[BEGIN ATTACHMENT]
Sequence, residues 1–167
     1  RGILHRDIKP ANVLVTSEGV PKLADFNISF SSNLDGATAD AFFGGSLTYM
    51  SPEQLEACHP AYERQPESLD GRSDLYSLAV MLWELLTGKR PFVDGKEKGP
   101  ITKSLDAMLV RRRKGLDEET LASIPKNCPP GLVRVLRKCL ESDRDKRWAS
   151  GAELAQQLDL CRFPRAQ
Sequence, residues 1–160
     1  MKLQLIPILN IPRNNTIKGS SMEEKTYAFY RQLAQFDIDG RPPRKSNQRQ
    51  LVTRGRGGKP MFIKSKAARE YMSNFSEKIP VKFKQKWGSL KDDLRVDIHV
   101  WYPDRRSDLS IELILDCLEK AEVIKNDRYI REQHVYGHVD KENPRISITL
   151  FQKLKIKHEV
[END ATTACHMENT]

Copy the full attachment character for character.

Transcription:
Sequence, residues 1–167
     1  RGILHRDIKP ANVLVTSEGV PKLADFNISF SSNLDGATAD AFFGGSLTYM
    51  SPEQLEACHP AYERQPESLD GRSDLYSLAV MLWELLTGKR PFVDGKEKGP
   101  ITKSLDAMLV RRRKGLDEET LASIPKNCPP GLVRVLRKCL ESDRDKRWAS
   151  GAELAQQLDL CRFPRAQ
Sequence, residues 1–160
     1  MKLQLIPILN IPRNNTIKGS SMEEKTYAFY RQLAQFDIDG RPPRKSNQRQ
    51  LVTRGRGGKP MFIKSKAARE YMSNFSEKIP VKFKQKWGSL KDDLRVDIHV
   101  WYPDRRSDLS IELILDCLEK AEVIKNDRYI REQHVYGHVD KENPRISITL
   151  FQKLKIKHEV